It's Just the Man Keeping Us (Democrats) Down

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This week saw some great things and some that were not so great.  While I applaud the Supreme Court striking down the Defense of Marriage Act (DOMA), it bothers me a lot that they also gutted the Voting Rights Act (VRA).  And I don't know how Paula Deen fits into this but she does.

Paul Deen.  The beloved southern chef was best known for putting as much butter as possible into everything she cooks but now she is known for her racist comments.  Eugene Robinson expressed what I think perfectly this morning on Morning Joe.   He said it wasn't her use of the n word, it was her waxing nostalgic for a time when it was legal to own people.  Her idea of a southern plantation style wedding for her brother with waiters who looked like slaves should sicken people.  It also shows how much we still need the full protections of the VRA.

But it's not about voting rights, it's about keeping Democrats from voting.  Whenever the voter turnout is high, Democrats win.  Republicans know this.  They know it all too well.  If you look at the states that had proposed various schemes, for lack of a better word, they are run mostly by Republican governors. It may seem almost reasonable to require voters show ID, but who does that impact?  There are a lot of older people who don't have ID.  That puts an added hardship.  And what happens if you move a polling place?  It hurts people who live near the original place.  Small changes can make all the difference.  We should make voting easier (I think election day should be a national holiday), not harder.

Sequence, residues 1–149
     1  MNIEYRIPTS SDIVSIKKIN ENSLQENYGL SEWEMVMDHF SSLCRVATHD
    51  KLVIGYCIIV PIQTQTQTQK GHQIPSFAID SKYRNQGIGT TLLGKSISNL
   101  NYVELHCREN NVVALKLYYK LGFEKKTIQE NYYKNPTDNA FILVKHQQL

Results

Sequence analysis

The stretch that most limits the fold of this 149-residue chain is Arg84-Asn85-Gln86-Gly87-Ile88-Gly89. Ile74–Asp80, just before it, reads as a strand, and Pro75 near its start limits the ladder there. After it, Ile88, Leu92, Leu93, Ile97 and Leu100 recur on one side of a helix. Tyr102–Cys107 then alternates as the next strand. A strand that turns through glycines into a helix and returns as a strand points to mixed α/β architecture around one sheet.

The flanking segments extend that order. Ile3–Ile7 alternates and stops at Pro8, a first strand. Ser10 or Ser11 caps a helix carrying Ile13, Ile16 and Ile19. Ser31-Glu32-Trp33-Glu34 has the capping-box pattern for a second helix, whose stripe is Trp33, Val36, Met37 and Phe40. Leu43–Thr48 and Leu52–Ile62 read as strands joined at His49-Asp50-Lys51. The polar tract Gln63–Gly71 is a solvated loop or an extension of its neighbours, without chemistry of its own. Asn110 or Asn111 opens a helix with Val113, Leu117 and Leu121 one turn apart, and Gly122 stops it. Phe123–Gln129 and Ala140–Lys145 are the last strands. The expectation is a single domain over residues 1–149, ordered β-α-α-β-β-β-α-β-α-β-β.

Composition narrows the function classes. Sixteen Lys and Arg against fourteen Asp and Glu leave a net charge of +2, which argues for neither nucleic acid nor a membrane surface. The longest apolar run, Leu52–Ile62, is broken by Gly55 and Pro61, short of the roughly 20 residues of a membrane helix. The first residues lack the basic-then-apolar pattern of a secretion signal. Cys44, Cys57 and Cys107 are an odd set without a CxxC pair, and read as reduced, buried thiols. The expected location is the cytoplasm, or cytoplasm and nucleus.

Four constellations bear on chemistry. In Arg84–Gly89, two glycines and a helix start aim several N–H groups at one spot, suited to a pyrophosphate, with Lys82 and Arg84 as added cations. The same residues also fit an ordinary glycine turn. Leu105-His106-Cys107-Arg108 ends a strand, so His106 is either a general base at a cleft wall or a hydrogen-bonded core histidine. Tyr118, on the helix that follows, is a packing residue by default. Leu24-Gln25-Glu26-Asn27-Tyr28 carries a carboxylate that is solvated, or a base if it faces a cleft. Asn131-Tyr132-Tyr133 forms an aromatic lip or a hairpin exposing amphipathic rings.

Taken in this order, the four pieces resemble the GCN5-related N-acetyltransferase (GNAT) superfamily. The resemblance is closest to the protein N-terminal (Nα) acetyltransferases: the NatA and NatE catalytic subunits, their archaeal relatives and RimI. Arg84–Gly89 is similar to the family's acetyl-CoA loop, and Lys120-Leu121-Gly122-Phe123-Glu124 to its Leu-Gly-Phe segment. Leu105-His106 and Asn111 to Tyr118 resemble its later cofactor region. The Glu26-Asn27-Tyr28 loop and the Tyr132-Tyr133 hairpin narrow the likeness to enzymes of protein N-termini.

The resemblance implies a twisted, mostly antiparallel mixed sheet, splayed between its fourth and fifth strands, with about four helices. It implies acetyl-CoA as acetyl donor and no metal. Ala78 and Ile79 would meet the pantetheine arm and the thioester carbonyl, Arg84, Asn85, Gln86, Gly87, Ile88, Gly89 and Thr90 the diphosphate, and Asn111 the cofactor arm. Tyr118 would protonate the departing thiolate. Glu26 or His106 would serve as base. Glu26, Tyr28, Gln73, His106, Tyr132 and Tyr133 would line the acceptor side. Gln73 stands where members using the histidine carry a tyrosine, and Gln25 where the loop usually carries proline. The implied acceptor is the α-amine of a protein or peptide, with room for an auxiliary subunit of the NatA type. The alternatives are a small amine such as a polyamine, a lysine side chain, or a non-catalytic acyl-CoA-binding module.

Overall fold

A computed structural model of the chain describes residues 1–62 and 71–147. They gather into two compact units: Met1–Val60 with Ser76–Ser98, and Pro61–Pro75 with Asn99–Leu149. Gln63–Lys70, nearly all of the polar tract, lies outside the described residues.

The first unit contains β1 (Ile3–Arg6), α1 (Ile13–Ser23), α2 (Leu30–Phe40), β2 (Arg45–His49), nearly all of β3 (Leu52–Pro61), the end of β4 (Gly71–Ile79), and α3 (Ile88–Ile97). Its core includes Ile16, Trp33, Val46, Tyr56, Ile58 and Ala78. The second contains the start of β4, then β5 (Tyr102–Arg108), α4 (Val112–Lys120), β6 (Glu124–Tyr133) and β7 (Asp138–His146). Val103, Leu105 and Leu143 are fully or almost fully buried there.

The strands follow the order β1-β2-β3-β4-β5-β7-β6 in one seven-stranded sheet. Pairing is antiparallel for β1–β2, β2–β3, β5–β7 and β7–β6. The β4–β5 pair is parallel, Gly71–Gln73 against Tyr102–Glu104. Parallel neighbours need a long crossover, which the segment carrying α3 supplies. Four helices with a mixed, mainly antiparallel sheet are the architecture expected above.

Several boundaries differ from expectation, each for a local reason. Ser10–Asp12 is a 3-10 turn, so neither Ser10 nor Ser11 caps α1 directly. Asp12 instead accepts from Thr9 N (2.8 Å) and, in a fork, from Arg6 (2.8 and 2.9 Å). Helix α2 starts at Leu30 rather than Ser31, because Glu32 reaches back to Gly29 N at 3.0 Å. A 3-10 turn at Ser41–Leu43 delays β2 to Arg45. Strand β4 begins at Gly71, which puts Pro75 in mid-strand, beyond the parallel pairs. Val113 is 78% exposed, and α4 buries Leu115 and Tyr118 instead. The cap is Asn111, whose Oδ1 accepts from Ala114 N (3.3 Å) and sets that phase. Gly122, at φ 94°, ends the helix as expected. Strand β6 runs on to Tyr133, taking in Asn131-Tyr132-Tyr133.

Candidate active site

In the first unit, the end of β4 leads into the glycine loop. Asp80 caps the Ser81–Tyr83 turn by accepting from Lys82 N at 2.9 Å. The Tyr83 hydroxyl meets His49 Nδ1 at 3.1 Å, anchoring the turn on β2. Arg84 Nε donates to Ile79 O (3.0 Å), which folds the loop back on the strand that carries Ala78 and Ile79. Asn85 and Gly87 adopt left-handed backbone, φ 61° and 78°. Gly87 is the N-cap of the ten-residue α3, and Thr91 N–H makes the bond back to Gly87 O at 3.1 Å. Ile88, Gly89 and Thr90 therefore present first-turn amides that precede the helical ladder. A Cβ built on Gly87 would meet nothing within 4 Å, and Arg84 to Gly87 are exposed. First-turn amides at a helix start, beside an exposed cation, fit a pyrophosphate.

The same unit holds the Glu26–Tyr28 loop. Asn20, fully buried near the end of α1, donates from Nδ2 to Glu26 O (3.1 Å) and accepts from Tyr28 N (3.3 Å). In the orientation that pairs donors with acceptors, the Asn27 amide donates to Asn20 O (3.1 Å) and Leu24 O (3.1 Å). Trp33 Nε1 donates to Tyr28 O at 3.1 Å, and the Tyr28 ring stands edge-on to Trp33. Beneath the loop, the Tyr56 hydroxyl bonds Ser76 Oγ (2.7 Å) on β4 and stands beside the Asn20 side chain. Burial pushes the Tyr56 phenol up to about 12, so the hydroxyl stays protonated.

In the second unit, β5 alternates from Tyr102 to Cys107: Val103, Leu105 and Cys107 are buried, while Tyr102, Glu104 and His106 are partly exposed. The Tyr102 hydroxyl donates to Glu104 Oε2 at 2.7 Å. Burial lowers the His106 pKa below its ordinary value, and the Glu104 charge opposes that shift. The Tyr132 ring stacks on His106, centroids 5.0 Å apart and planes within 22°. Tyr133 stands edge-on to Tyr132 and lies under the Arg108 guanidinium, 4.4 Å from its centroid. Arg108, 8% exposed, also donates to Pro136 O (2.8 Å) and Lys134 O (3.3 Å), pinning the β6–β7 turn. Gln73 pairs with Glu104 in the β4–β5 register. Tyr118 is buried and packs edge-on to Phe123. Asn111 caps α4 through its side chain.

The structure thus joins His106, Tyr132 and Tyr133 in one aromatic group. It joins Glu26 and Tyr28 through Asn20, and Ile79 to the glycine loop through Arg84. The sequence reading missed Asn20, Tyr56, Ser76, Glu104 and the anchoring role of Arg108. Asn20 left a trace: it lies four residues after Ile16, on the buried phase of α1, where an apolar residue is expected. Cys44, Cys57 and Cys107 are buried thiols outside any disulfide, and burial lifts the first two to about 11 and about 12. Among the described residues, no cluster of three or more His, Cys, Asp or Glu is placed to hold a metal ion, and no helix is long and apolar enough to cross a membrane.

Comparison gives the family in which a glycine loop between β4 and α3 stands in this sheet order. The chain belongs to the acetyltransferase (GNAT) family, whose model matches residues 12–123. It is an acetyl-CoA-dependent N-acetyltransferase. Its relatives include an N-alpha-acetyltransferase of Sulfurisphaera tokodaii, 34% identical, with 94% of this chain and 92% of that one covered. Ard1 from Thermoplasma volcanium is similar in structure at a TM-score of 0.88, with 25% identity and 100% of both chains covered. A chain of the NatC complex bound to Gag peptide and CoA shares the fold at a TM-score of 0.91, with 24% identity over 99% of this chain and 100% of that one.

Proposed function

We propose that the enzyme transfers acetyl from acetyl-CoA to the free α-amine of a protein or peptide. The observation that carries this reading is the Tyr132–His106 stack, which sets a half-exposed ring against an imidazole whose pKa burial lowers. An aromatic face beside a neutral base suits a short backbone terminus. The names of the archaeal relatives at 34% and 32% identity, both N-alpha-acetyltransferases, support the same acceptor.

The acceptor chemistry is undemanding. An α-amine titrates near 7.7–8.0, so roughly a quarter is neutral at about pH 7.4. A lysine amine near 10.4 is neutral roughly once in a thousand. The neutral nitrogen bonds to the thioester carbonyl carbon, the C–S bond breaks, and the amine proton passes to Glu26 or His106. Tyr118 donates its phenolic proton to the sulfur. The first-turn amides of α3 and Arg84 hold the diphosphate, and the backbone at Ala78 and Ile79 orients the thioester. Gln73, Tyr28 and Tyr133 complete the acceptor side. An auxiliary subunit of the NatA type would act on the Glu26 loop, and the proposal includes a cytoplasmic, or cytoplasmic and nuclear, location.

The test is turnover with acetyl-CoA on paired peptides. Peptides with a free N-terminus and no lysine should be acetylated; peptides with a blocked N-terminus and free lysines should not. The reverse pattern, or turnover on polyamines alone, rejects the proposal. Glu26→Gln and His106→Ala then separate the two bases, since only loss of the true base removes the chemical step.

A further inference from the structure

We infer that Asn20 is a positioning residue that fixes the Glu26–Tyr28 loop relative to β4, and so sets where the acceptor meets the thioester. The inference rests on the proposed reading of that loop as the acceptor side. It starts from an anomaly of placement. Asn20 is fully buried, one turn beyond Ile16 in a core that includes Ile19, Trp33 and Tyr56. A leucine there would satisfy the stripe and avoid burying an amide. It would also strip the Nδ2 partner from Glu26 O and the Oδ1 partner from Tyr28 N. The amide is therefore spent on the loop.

And while I am no fan of Chief Justice John Roberts (who gets the oath of office for the president wrong?  Who thinks we have been "generous" in our treatment of the prisoners at Gitmo?  He does.), but watching how he runs the Supreme Court has been interesting.  He clearly has his legacy on his mind and flirts with bringing his personal ideology to the table but doesn't go all the way.  I think the decision on the VRA will go the way of Plessy vs. Ferguson, the decision that states had the right to segregate people based on their race.  At the time, they called that "separate but equal."  I think everyone now sees that as the wrong move.

So the Court went the way I had hoped on marriage equality, it sent us back to another era with the VRA.  Paula Deen's book sales have skyrocketed in the wake of her comments and her "apology."  Donny Deutsch said this showed the disconnect between corporate and personal forgiveness.  I think it shows how far we haven't come since the VRA was enacted in 1965.  We've changed but we're evolving.  It's why we created "a more perfect union," not a perfect one.

One step forward and one back.  I guess it's better than two steps back but not by much.

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